The second phase of the bifurcated trial determining whether Monsanto should be held liable for the non-Hodgkins lymphoma suffered by a man after using the Monsanto product Roundup for decades has concluded. The culmination of the trial resulted in a jury award of over $5.6 million in compensatory damages and $200,000 for medical expenses to the plaintiff, and $75 million in punitive damages. The damages awarded are not only meant to compensate the plaintiff for the harm he suffered, but also to punish Monsanto for inappropriate conduct related to the product. While Bayer, the company that purchased Monsanto, issued a statement that it did not believe the subject case would impact future cases, the opposite is most likely true. Although each case must be assessed on its unique facts, it is probable that the subject case will have far-reaching effects on cases throughout the country in which it is alleged that Roundup caused a plaintiff’s harm, including Illinois toxic tort cases.
Evidence Presented in the Second Phase
While the first phase of the
was limited to determining whether glyphosate, the allegedly dangerous ingredient in Roundup, was a substantial factor in causing the plaintiff’s non-Hodgkins lymphoma, in the second phase the parties presented evidence regarding damages. First, the plaintiff testified regarding the treatment he had to endure following his diagnosis of non-Hodgkins lymphoma, and the pain and suffering his illness and the treatment caused. The plaintiff’s wife took the stand as well, offering testimony regarding the length of her relationship with the plaintiff and the detrimental effect of the plaintiff’s diagnosis on their life together. The plaintiff’s expert witness, a physician who specializes in the diagnosis and treatment of non-Hodgkins lymphoma testified as well. The compelling testimony offered regarding the hardship the plaintiff endured due to his illness was the basis for the $5.8 million compensatory damages and medical expenses award.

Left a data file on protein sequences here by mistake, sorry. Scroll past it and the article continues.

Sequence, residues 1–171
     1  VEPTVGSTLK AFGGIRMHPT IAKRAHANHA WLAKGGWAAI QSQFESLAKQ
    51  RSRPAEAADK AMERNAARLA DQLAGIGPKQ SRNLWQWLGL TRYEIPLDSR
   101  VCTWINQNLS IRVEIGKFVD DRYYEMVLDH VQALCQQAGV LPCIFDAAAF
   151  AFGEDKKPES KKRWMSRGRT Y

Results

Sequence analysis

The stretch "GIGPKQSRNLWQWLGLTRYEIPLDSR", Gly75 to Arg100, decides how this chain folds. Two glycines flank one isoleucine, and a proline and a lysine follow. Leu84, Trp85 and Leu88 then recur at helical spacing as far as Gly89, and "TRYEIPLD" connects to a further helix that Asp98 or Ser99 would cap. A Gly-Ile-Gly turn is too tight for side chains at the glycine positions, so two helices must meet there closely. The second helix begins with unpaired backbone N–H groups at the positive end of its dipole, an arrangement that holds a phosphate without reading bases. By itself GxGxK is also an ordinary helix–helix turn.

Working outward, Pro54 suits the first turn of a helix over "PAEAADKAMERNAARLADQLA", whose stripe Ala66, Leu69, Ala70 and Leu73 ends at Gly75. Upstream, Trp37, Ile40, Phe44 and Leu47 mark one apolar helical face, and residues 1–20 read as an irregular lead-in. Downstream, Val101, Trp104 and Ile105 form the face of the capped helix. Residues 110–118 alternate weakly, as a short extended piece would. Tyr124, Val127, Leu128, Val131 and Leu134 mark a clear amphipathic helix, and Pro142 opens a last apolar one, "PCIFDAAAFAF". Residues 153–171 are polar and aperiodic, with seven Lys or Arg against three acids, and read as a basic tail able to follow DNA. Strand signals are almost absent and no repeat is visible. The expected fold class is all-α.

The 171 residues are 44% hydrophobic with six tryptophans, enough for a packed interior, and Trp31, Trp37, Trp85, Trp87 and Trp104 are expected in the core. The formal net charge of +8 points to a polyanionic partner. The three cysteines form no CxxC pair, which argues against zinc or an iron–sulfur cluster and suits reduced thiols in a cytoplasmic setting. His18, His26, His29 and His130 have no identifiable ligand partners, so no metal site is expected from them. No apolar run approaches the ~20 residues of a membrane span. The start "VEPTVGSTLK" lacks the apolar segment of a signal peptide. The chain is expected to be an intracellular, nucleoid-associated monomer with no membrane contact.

Additionally, testimony was presented from both sides regarding whether Monsanto acted appropriately in light of what it knew or should have known about the dangerous side-effects of glyphosate. Specifically, both parties presented testimony as to whether Monsanto acted maliciously in failing to warn of the dangers of using Roundup. Further, the plaintiff presented evidence that Monsanto used its influence to restrict government regulations on the product and to limit research on the